By LAURA THOMAS
Oh the memories that come and sweetly rest in my heart, when I see a rocking chair in a room. My great-grandfather sat in that chair, oh so long ago. This chair belonged in my fraternal grandparents’ house, sitting in a corner of a brightly lit, neatly ordered living room. I loved all the windows; they let in so much sunshine. As a child I’d sit and play in the golden rays that splayed across the floor.
Being at my grandparents’ house was a special time. I can still see in my mind’s eye their faces and hear their voices. My grandmother would always have KFC chicken for us. It was a grand meal for us kids. We would eat this out on the porch while the grownups chattered in the background.
My favorite memories are of the chair. For in this chair sat my great-grandfather. I was 6, he was 101. Very old in my young eyes yet somehow I didn’t see the frailty. He had seen better days, but make no mistake, his tattered condition was no reflection on him, but a sign of true grace and wisdom. For he had seen the four seasons of life’s years. Through the years he had changed from the magnificent man, to the grizzled form I saw before me, the physical ailments, if you will, brought on by age. I believe this can affect our perception of what we see, or want to see, in a person.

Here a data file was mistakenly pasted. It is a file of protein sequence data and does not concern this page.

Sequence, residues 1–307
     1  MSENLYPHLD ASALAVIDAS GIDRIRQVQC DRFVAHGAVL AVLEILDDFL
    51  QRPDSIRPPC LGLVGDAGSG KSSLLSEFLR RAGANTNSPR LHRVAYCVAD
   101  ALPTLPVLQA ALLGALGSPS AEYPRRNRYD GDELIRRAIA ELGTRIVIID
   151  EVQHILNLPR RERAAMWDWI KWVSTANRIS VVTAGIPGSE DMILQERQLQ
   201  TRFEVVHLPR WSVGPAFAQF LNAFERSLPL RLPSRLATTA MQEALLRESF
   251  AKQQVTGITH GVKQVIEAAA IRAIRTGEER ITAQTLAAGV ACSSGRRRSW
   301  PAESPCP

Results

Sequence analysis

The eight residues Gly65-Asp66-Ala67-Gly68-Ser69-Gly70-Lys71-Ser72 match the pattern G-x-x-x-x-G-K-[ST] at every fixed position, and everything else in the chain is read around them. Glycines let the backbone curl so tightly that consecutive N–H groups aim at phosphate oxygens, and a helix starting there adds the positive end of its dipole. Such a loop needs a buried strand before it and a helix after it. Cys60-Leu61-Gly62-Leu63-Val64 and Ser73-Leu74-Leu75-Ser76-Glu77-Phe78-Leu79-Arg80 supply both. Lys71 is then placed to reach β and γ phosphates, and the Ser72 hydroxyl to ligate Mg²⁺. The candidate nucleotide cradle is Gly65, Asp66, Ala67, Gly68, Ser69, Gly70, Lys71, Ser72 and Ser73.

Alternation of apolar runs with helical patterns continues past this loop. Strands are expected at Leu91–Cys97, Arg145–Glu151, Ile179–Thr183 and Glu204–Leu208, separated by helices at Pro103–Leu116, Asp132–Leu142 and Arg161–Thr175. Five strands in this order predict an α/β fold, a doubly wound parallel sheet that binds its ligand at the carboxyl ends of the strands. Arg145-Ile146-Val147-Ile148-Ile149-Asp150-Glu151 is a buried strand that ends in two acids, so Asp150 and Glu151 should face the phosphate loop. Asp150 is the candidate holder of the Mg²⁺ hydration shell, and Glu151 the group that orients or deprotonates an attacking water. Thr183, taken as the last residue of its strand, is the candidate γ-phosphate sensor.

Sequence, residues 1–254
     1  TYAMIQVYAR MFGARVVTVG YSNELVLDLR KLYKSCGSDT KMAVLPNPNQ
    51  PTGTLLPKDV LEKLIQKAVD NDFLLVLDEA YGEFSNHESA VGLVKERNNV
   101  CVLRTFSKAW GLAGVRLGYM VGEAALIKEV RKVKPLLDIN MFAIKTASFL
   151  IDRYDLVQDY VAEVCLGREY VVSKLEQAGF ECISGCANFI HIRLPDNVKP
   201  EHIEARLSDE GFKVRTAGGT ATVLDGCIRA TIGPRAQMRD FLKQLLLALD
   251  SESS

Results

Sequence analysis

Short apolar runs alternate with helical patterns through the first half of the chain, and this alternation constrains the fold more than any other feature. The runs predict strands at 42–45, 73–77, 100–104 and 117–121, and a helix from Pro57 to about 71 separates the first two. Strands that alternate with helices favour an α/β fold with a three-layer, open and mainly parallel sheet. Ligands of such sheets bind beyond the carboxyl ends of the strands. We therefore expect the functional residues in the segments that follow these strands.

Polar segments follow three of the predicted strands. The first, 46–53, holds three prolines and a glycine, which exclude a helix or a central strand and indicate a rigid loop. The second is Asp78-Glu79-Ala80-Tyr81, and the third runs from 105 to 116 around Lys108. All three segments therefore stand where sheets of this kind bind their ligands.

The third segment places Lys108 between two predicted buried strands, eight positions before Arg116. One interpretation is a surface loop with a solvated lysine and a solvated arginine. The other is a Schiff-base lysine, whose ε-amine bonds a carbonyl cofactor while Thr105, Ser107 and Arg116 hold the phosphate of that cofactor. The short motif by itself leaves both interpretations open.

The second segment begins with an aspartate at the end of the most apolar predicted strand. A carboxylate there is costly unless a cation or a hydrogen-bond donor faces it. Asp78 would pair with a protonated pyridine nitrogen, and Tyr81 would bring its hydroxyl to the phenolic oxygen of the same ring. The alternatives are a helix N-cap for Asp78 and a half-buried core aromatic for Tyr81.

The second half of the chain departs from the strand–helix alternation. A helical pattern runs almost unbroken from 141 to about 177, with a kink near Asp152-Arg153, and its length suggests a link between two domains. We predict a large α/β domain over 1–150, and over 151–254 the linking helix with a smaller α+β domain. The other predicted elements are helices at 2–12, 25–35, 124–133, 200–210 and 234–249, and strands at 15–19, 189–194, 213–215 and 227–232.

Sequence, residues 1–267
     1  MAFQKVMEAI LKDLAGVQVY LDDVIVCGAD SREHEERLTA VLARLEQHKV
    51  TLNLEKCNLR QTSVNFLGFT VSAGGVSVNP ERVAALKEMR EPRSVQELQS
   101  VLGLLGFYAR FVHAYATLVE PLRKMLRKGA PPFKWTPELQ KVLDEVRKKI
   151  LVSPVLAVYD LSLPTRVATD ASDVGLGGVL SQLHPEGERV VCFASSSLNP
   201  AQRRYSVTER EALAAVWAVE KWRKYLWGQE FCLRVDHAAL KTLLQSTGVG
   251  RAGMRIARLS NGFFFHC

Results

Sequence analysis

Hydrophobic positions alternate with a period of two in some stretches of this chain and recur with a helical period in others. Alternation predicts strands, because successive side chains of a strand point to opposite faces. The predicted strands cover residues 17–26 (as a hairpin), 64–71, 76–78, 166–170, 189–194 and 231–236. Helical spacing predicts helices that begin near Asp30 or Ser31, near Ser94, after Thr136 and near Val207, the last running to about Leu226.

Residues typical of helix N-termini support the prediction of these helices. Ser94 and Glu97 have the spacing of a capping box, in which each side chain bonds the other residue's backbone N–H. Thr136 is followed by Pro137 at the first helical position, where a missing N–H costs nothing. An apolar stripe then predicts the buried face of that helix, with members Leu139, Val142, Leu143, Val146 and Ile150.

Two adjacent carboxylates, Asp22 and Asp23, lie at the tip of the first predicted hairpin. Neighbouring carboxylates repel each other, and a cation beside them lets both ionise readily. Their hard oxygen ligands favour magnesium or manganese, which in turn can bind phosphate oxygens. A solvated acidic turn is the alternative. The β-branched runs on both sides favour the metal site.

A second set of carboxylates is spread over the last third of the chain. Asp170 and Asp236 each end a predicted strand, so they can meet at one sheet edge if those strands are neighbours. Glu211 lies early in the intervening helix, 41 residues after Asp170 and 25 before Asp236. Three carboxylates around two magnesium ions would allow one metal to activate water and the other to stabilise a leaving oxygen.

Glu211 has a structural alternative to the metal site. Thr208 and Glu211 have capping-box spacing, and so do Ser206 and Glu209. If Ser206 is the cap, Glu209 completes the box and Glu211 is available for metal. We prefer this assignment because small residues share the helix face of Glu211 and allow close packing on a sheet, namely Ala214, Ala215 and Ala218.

I would sit and listen to the stories he told, of the yesteryears of his life on the railroad and of being an Indian agent. The great Indians he knew in Montana and Wyoming roamed the plains and hunted buffalo. As a young girl these stories captured my heart and imagination, a thrill to my young mind. I was enraptured by them; they took me far away from the life I knew. They encouraged a spirit I didn’t yet know I had.
Little did I know how much my great grandfather impacted my life, my spirit, changing the perceptions of a small girl’s world and imparting a wisdom that I still carry in my heart. While I sat there at his feet, he shared his wisdom of seasons past and present, of life’s storms and glorious days. He shared his life’s experience, so later in my life I could reflect on what was done during difficult times, or decisions made that did not feel good, but were the right ones to make. The chair reminds me of how my great-grandfather impacted my life. This great man has been gone from my life for a great number of years, but not from my heart. For in my mind’s eye I can still see that chair in a room.